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Student safety sought by upcoming improvements

Ruth’s Chris Steak House in Del Mar hosted a DAOU wine dinner recently that brought, from left to right, DAOU Sales Manager Dan Brunner and Social Media Manager Katherine Daou, joining with Yadira Navarro, sales and catering manager and Mark Parisini, beverage manager from Ruth’s Chris. Photo by Rico CassoniThe 16th annual San Diego Bay Wine & Food Festival is Nov. 10 to Nov. 17. Courtesy photoThe Lick the Plate team from left, audio engineer Brooks Venters, columnist/host David Boylan and producer Quinn Boylan.  Photo by Ian Meyers PhotographyStephanie Eppig, one of the four founders of Eppig Brewing, celebrates the opening of their new Vista brewery. The brewery is named for her family, which ran a major brewery in Brooklyn from the mid-19th century to the start of Prohibiition. Photo by Bill Vanderburgh.

ENCINITAS — Students who attend Flora Vista Elementary, 1690 Wandering Road, should soon be able to walk and bike more safely to and from school, thanks to a $331,200 project to construct Gardendale Road Traffic Calming and Safe Routes to School improvements approved by the Encinitas City Council on Dec. 19.The construction project combines innovative traffic calming tools designed to increase drivers’ awareness of pedestrians, decrease pedestrians’ crossing distance and exposure to traffic, and reduce traffic speeds.

The Gardendale project breaks ground in late January 2013 and should be completed by April 2013. The bulk of project costs are funded by a federal Safe Routes to School grant. In addition to construction, the funding covers a $24,750 agreement with nonprofit Walk San Diego to provide education and encouragement activities to the Flora Vista community. Project details are in this agenda report.

Construction will occur along Gardendale Road at the intersections with Glen Arbor Drive, Hummock Lane, Aspenglow Drive, Village Center Drive, Clear Valley Road and Mountain Vista Drive, as well as at Aspenglow Drive/Splitrail Drive. Construction will not significantly impact travel for residents and motorists. Roads will remain open, driveway access will be maintained at all times and traffic control devices will be in place while work is being performed. After the improvements have been in place for a few months, the City will monitor the area to measure traffic improvements.

The Gardendale project will significantly enhance the safety of area pedestrians, especially Flora Vista youngsters. Curb pop-outs at corners, basically large sidewalks such as those currently installed downtown on D and E Streets at Vulcan Avenue, will reduce the distance needed to cross the street.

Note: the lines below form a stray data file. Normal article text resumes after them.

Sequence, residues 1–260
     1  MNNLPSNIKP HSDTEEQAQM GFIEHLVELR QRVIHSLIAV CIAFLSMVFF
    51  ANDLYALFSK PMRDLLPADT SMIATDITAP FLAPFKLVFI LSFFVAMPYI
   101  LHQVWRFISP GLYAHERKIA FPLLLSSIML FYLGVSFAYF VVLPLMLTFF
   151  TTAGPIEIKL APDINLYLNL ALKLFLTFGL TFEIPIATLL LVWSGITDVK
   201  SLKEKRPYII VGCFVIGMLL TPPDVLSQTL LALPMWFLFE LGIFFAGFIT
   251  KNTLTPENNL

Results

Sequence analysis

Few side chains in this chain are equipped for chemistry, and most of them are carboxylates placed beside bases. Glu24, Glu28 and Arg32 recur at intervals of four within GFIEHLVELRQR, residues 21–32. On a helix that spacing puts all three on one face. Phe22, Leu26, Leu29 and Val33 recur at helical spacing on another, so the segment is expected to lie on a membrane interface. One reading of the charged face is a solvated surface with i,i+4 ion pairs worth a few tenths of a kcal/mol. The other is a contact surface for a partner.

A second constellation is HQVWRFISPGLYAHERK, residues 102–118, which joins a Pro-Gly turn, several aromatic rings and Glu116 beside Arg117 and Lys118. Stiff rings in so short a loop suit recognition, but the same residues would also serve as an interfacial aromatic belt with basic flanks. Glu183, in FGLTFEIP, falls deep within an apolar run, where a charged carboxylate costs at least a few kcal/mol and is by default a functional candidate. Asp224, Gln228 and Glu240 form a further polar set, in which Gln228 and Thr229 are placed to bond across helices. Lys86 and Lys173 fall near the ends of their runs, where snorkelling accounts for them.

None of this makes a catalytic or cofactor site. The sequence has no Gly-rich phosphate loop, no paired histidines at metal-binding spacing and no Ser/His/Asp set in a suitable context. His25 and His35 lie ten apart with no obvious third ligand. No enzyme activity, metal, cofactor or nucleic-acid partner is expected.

To enhance motorists’ visibility of pedestrians and force motorists to slow down, speed tables also will be installed at intersections along the route. These elements, an example of which can be found near Cardiff Elementary School, 1888 Montgomery Ave., consist of 1–foot-wide raised crosswalks that are six inches above grade.

According to Associate Civil Engineer Christy Villa, the project emanated from neighborhood residents’ concerns about speeding along Gardendale Road, primarily from Glen Arbor Drive to Mountain Vista Drive, due to a significant presence of children and other pedestrians along the route.

“The project was put forward by residents,” she said. “It met the criteria stipulated in our Encinitas Neighborhood Traffic Management Program (ENTMP), which was developed specifically to give residents a voice in traffic management where they live. Projects are initiated by one or more citizens, who must gain the approval of a majority of their neighbors in the vicinity.

“The ENTMP was piloted in 2010 in the Cardiff Elementary neighborhood and involved a variety of traffic calming tools, from raised sidewalks to traffic circles,” she said. “It was very well-received. We expect the Gardendale project to be equally successful.”

Explaining that the ENTMP enables the city to respond to specific traffic concerns in neighborhoods, Villa said, “Residents have the opportunity to tell us what they need. Then we can engineer it.”

 

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